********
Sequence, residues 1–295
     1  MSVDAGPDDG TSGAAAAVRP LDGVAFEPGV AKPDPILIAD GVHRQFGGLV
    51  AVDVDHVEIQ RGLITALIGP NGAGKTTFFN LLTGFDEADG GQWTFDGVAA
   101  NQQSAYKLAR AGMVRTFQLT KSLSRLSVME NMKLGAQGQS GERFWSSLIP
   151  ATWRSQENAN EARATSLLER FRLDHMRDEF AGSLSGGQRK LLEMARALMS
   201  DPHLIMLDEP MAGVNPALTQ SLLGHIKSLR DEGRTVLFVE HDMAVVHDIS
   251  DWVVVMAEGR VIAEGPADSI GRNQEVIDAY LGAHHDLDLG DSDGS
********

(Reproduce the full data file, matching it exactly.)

Sequence, residues 1–295
     1  MSVDAGPDDG TSGAAAAVRP LDGVAFEPGV AKPDPILIAD GVHRQFGGLV
    51  AVDVDHVEIQ RGLITALIGP NGAGKTTFFN LLTGFDEADG GQWTFDGVAA
   101  NQQSAYKLAR AGMVRTFQLT KSLSRLSVME NMKLGAQGQS GERFWSSLIP
   151  ATWRSQENAN EARATSLLER FRLDHMRDEF AGSLSGGQRK LLEMARALMS
   201  DPHLIMLDEP MAGVNPALTQ SLLGHIKSLR DEGRTVLFVE HDMAVVHDIS
   251  DWVVVMAEGR VIAEGPADSI GRNQEVIDAY LGAHHDLDLG DSDGS